Risk Perceptions and Alcohol Consumption among Young People
AbstractSwedish cross-sectional survey data on young individuals was used to analyse the determinants of perceived risks of alcohol use and how these perceptions relate to drinking behaviour. Three major conclusions were drawn: (1) that people overestimate the risks of alcoholism, (2) that these risk perceptions fall substantially with age, but nevertheless imply risk overestimation, and (3) that education about alcohol, narcotics and tobacco leads individuals to perceive risks more correctly and to have lower risk beliefs. An additional finding was that individuals with higher perceived risks were less likely to consume alcohol. Equations were estimated both separately and simultaneously. Copyright 2002 by Kluwer Academic Publishers
Download InfoIf you experience problems downloading a file, check if you have the proper application to view it first. In case of further problems read the IDEAS help page. Note that these files are not on the IDEAS site. Please be patient as the files may be large.
As the access to this document is restricted, you may want to look for a different version under "Related research" (further below) or search for a different version of it.
Bibliographic InfoArticle provided by Springer in its journal Journal of Risk and Uncertainty.
Volume (Year): 25 (2002)
Issue (Month): 2 (September)
Contact details of provider:
Web page: http://www.springerlink.com/link.asp?id=100299
You can help add them by filling out this form.
CitEc Project, subscribe to its RSS feed for this item.
- Domenico Delli Gatti & Edoardo Gaffeo & Mauro Gallegati, 2008. "A look at the relationship between industrial dynamics and aggregate fluctuations," Department of Economics Working Papers 0803, Department of Economics, University of Trento, Italia.
- Petter Lundborg, 2007. "Smoking, information sources, and risk perceptions—New results on Swedish data," Journal of Risk and Uncertainty, Springer, vol. 34(3), pages 217-240, June.
- Frank Sloan & Lindsey Eldred & Tong Guo & Yanzhi Xu, 2013. "Are people overoptimistic about the effects of heavy drinking?," Journal of Risk and Uncertainty, Springer, vol. 47(1), pages 93-127, August.
- Henrik Andersson & Petter Lundborg, 2007. "Perception of own death risk," Journal of Risk and Uncertainty, Springer, vol. 34(1), pages 67-84, February.
- Frank Sloan & Alyssa Platt, 2011. "Information, risk perceptions, and smoking choices of youth," Journal of Risk and Uncertainty, Springer, vol. 42(2), pages 161-193, April.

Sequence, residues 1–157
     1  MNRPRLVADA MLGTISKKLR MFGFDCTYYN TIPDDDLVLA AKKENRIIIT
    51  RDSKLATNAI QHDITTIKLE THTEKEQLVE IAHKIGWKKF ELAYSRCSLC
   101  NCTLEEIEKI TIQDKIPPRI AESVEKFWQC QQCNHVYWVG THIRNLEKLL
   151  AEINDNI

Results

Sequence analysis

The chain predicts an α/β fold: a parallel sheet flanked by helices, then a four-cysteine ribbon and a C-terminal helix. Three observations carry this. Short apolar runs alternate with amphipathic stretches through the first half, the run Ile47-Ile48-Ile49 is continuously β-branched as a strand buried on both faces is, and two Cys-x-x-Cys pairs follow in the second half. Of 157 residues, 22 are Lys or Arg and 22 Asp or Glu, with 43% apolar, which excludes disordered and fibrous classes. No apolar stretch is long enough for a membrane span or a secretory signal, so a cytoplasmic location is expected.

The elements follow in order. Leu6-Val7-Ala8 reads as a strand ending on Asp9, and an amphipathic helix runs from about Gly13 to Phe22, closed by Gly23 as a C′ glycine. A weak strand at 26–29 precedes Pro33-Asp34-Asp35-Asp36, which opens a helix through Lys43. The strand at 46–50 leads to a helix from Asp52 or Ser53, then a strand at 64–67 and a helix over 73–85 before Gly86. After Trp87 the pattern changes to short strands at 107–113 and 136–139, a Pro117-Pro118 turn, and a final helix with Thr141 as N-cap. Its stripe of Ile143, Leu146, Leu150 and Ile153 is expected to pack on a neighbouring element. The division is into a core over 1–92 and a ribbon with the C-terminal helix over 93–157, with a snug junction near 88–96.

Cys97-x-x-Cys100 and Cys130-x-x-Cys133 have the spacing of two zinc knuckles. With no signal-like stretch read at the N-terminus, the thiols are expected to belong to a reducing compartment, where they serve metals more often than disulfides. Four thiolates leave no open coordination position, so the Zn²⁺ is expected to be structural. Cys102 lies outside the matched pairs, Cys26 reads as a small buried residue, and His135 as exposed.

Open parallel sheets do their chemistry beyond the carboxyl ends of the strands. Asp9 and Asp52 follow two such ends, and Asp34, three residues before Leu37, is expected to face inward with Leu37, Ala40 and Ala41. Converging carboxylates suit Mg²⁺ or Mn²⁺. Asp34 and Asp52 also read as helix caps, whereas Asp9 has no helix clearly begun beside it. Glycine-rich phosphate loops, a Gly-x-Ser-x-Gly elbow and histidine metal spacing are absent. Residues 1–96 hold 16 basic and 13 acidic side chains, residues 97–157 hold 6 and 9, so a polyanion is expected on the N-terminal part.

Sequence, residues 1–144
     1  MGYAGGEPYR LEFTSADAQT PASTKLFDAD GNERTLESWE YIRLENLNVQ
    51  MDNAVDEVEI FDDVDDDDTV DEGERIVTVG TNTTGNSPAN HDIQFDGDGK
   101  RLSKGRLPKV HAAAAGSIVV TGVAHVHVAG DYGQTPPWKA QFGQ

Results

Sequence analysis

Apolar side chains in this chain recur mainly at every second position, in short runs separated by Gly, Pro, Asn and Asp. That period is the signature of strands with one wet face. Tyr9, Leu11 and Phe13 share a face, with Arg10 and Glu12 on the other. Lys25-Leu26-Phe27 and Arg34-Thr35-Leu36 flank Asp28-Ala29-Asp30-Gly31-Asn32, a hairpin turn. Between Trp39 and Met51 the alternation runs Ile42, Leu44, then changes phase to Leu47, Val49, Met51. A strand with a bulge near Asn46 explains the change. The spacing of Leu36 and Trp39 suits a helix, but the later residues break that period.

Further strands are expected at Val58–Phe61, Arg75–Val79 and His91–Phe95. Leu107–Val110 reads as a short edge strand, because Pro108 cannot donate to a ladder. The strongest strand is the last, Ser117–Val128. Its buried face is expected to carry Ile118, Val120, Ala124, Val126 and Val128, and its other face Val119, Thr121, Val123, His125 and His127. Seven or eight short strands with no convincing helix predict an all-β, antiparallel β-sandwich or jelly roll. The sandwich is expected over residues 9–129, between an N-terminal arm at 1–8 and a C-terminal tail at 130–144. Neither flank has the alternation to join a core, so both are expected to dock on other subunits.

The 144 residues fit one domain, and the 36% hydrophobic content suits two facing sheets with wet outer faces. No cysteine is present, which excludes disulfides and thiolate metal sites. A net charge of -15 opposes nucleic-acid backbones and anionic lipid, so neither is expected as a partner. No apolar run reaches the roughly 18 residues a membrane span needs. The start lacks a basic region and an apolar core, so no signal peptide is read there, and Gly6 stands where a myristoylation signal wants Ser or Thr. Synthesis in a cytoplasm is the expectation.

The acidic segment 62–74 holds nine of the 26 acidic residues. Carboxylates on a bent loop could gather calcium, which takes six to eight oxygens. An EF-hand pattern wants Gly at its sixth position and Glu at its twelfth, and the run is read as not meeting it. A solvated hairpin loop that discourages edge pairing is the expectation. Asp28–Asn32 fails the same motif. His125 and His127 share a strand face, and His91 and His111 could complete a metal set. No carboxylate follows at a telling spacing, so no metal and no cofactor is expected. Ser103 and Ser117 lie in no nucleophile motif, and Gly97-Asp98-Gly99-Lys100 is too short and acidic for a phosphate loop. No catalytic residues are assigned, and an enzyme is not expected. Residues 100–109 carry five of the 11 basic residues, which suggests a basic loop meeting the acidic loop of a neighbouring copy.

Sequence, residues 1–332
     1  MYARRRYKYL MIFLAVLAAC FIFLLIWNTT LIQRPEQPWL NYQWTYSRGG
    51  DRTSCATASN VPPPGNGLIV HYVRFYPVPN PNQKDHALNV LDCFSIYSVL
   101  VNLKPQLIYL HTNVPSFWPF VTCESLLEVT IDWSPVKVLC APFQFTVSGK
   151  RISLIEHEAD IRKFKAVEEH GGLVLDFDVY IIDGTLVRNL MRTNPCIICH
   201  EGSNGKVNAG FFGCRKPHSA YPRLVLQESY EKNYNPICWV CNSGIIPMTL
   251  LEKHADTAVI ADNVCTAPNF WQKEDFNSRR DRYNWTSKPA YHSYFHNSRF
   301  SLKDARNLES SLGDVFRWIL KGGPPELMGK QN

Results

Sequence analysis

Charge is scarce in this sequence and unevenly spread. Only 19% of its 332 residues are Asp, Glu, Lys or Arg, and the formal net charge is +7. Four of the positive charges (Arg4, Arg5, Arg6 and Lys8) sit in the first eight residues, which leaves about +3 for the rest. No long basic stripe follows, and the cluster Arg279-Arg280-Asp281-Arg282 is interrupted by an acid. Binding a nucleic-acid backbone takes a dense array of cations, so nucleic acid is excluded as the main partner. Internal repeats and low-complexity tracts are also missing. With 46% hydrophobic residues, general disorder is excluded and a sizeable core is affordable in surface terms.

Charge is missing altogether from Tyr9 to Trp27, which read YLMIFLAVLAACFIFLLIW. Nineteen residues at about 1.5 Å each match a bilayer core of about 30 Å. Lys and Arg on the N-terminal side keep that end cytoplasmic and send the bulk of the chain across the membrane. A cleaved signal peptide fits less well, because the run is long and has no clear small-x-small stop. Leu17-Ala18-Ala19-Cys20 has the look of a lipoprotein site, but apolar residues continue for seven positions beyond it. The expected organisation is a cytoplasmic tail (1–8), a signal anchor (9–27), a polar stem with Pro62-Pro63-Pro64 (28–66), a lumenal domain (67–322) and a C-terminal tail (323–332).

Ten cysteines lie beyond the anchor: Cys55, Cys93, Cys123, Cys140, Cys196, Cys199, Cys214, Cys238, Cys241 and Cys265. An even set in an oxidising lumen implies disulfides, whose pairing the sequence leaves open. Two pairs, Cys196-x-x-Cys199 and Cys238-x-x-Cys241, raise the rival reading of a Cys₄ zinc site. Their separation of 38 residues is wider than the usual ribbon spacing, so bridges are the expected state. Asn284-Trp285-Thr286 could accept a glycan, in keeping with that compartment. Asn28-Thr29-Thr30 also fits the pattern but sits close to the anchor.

- Lundborg, Petter & Andersson, Henrik, 2008.
"Gender, risk perceptions, and smoking behavior,"
Journal of Health Economics,
Elsevier, vol. 27(5), pages 1299-1311, September.
- Ana Gil & José Molina, 2009. "Alcohol demand among young people in Spain: an addictive QUAIDS," Empirical Economics, Springer, vol. 36(3), pages 515-530, June.
- Lundborg, Petter, 2006. "Having the wrong friends? Peer effects in adolescent substance use," Journal of Health Economics, Elsevier, vol. 25(2), pages 214-233, March.
- Andersson, Henrik & Lundborg, Petter, 2006. "Perception of Own Death Risk: An Analysis of Road-Traffic and Overall Mortality Risks," Working Papers 2006:1, Swedish National Road & Transport Research Institute (VTI).
For technical questions regarding this item, or to correct its authors, title, abstract, bibliographic or download information, contact: (Guenther Eichhorn) or (Christopher F. Baum).
If you have authored this item and are not yet registered with RePEc, we encourage you to do it here. This allows to link your profile to this item. It also allows you to accept potential citations to this item that we are uncertain about.
If references are entirely missing, you can add them using this form.
If the full references list an item that is present in RePEc, but the system did not link to it, you can help with this form.
If you know of missing items citing this one, you can help us creating those links by adding the relevant references in the same way as above, for each refering item. If you are a registered author of this item, you may also want to check the "citations" tab in your profile, as there may be some citations waiting for confirmation.
Please note that corrections may take a couple of weeks to filter through the various RePEc services.